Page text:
IMF Increases Positive Growth Forecast for India


The International Monetary Fund (IMF) has increased its GDP growth forecast for India in FY24 by 40 basis points (bps) to 6.7% and for FY25 by 20 bps to 6.5%, as stated in its latest ‘World Economic Outlook’ report. This adjustment is 30 bps lower than the Reserve Bank of India’s estimate of 7.0% for FY24. The finance ministry acknowledged the IMF’s revised growth forecast for India in FY24 to 6.7%, up from 6.3%, attributing it to the robust Q2 GDP performance and highlighting the role of resilient domestic demand.

Even with the upward revision to 6.7%, India would retain its status as the fastest-growing major economy globally. Nevertheless, the forecast for FY24 still lags by 60 basis points compared to the National Statistical Office’s (NSO) estimate. The NSO recently projected India’s economy to grow at 7.3% in the current fiscal year, extrapolating data from the initial seven to eight months. The IMF’s estimate is also 30 basis points below the Reserve Bank of India’s (RBI) projection of 7.0% for FY24. The finance ministry noted that the IMF revised India’s FY24 growth forecast to 6.7% from 6.3%, citing the robust Q2 GDP performance, which exceeded market expectations at 7.6%.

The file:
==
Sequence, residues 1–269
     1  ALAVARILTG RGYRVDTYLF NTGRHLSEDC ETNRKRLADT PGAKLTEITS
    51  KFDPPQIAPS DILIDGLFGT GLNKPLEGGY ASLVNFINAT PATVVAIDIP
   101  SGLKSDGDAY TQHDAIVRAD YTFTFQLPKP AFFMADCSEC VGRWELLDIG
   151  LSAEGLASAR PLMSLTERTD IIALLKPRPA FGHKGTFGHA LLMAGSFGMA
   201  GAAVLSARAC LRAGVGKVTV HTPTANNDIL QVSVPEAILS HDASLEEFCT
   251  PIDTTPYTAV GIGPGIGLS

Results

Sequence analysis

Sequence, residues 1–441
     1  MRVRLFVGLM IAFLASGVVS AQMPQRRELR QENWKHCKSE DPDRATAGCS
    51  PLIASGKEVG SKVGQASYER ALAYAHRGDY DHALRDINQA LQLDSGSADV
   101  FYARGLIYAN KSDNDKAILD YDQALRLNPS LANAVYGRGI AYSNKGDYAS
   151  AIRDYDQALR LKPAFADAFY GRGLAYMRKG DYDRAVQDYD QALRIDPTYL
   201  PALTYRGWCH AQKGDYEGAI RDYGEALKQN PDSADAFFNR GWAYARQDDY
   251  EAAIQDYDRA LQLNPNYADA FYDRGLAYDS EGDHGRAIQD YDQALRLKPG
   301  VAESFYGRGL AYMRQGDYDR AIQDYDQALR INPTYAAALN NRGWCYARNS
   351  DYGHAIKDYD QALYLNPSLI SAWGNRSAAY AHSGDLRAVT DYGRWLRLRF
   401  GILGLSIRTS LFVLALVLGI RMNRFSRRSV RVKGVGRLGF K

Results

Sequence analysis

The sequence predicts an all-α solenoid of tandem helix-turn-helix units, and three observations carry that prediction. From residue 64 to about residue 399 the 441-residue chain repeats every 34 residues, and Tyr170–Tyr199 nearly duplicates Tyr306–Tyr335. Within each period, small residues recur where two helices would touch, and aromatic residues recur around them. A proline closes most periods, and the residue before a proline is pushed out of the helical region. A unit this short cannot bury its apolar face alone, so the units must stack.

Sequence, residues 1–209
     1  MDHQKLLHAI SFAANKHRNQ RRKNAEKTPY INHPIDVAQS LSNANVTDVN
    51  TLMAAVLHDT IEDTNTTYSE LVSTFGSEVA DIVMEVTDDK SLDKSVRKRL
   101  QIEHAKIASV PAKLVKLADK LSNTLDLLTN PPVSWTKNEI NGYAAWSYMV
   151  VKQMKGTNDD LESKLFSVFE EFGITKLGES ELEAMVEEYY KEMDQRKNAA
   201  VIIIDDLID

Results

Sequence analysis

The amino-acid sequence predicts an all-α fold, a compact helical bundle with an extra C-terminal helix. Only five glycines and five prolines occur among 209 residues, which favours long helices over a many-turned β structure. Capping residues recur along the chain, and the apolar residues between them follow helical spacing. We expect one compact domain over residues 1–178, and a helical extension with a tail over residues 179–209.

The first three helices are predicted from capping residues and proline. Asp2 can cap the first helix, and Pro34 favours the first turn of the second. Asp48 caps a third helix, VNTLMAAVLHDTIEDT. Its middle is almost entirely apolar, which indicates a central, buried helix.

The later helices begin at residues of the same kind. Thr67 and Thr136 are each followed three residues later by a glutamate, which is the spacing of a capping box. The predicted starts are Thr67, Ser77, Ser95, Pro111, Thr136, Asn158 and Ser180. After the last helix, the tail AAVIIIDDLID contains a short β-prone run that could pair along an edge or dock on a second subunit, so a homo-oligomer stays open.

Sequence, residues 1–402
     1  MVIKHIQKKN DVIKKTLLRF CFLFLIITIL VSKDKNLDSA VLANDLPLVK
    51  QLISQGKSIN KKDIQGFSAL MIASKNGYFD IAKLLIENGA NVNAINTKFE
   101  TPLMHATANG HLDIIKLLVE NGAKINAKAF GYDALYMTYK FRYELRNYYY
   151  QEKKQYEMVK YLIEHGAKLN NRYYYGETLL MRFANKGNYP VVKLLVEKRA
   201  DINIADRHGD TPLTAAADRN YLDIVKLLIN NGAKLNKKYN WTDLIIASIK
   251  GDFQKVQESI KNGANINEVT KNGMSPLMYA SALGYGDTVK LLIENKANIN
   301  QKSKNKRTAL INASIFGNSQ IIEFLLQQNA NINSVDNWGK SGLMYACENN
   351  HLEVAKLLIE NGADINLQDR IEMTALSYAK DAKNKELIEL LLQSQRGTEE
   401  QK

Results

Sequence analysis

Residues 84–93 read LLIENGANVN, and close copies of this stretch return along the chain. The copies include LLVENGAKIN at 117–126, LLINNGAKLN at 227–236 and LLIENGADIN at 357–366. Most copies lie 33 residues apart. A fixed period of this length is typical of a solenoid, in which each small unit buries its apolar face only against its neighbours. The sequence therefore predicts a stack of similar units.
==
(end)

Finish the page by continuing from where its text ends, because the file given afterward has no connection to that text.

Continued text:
“The IMF has increased the medium-term (potential) GDP growth to 6.5% from 6.3%, acknowledging robust public investment, favorable labor market outcomes based on the latest PLFS report, and adjustments to our model,” stated the finance ministry. However, the IMF’s projection for the upcoming fiscal year is approximately 50 basis points lower than the finance ministry’s estimate. In a report, Chief Economic Adviser V Anantha Nageswaran suggested that India’s real GDP growth is likely to be around 7% in FY25 for the fourth consecutive year.

He anticipates India’s economy reaching the $5 trillion milestone by 2027-28, positioning it as the third-largest economy globally. The finance ministry report stated that achieving a growth rate above 7% in the coming years is highly feasible, driven by the robust financial sector and ongoing and prospective structural reforms. The only significant concern highlighted in the report is the heightened risk of geopolitical conflicts.

Read More